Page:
Now, when I had my food blog I used to blog about recipes that had potential, that could use a little tweaking, in short - not always the best recipe I've ever tried. But on this blog I'm only going for the good stuff, so as always - I highly suggest you give this one a try :)

      Korova Cookies
      (From Paris Sweets by Dorie Greenspan)

      1 1/4 c. all-purpose flour
      1/3 c. unsweetened cocoa powder
      1/2 tsp. baking soda
      1 stick + 3 Tbsp. (11 Tbsp. total) unsalted butter, at room temperature
      2/3 c. (packed) light brown sugar
      1/4 c. sugar
      1/2 tsp. fleur de sel (or 1/4 tsp. fine sea salt)
      1 tsp. vanilla extract
      5 oz. bittersweet chocolate, chopped into chip (or 3/4 c. store-bought mini chocolate chips)

      Sift the flour, cocoa, and baking soda together.

      Working with a stand mixer, preferably fitted with a paddle attachment, or with a hand mixer in a large bowl, beat the butter on medium speed until soft and creamy. Add both sugars, the salt and vanilla extract and beat for 2 minutes more.

      Turn off the mixer. Pour in the flour, drape a kitchen towel over the stand mixer to protect yourself and your kitchen from flying flour and pulse the mixer at low speed about 5 times, a second or two each time. Take a peek — if there is still a lot of flour on the surface of the dough, pulse a couple of times more; if not, remove the towel. Continuing at low speed, mix for about 30 seconds more, just until the flour disappears into the dough — for the best texture, work the dough as little as possible once the flour is added, and don’t be concerned if the dough looks a little crumbly. Toss in the chocolate pieces and mix only to incorporate.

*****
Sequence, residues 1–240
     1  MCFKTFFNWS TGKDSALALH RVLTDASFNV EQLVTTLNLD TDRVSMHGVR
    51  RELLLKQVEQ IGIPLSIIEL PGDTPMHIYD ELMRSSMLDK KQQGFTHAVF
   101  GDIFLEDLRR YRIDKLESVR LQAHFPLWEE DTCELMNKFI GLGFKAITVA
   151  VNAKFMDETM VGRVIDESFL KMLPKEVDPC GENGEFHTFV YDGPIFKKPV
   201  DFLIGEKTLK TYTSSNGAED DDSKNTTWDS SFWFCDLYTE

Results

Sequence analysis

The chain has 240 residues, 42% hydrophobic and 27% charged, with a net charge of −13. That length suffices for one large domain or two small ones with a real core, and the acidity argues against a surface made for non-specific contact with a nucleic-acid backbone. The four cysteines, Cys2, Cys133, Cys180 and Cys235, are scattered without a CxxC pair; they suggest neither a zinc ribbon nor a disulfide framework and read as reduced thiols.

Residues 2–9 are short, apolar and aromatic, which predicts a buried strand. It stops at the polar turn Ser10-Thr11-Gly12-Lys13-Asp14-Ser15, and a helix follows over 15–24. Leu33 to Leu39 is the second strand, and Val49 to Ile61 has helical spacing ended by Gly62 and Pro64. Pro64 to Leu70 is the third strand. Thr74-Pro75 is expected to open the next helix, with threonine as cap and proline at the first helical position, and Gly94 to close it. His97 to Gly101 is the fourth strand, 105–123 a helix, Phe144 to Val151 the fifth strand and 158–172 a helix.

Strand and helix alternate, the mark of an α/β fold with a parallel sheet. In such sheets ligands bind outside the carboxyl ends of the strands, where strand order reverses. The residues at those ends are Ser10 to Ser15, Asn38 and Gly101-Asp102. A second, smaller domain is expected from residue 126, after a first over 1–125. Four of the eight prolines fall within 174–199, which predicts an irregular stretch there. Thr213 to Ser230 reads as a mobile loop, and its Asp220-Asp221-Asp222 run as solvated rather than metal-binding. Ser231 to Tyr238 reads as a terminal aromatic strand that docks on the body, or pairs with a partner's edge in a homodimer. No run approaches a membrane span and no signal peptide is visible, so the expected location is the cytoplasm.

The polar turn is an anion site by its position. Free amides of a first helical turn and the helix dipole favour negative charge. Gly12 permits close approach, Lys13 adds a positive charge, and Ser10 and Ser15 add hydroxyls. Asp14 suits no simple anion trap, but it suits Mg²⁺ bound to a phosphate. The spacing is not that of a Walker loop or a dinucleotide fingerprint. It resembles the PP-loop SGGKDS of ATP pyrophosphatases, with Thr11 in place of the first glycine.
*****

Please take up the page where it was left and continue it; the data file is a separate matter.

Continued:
Turn the dough out onto a work surface, gather it together and divide it in half. Working with one half at a time, shape the dough into logs that are 1 1/2 inches in diameter. Wrap the logs in plastic wrap and refrigerate them for at least 3 hours.

      Getting ready to bake: Center a rack in the oven and preheat the oven to 325 F. Line two baking sheets with parchment or silicone mats.

      Working with a sharp thin knife, slice the logs into rounds that are 1/2-inch thick. (The rounds are likely to crack as you’re cutting them — don’t be concerned, just squeeze the bits back onto each cookie.) Arrange the rounds on the baking sheets, leaving about one inch between them.

      Bake the cookies one sheet at a time for 12 minutes — they won’t look done, nor will they be firm, but that’s just the way they should be. Transfer the baking sheet to a cooling rack and let the cookies rest until they are only just warm, at which point you can serve them or let them reach room temperature.

      22 July 2010

      Estes Park: Day 4

      Day 4.

      We got up early, finished packing, then headed to breakfast. After a lot of good-byes as various groups left, we headed out - Peter and I headed to the park near our lodge for one last playtime, and Scott went to the room to finish packing/loading the car/checking us out.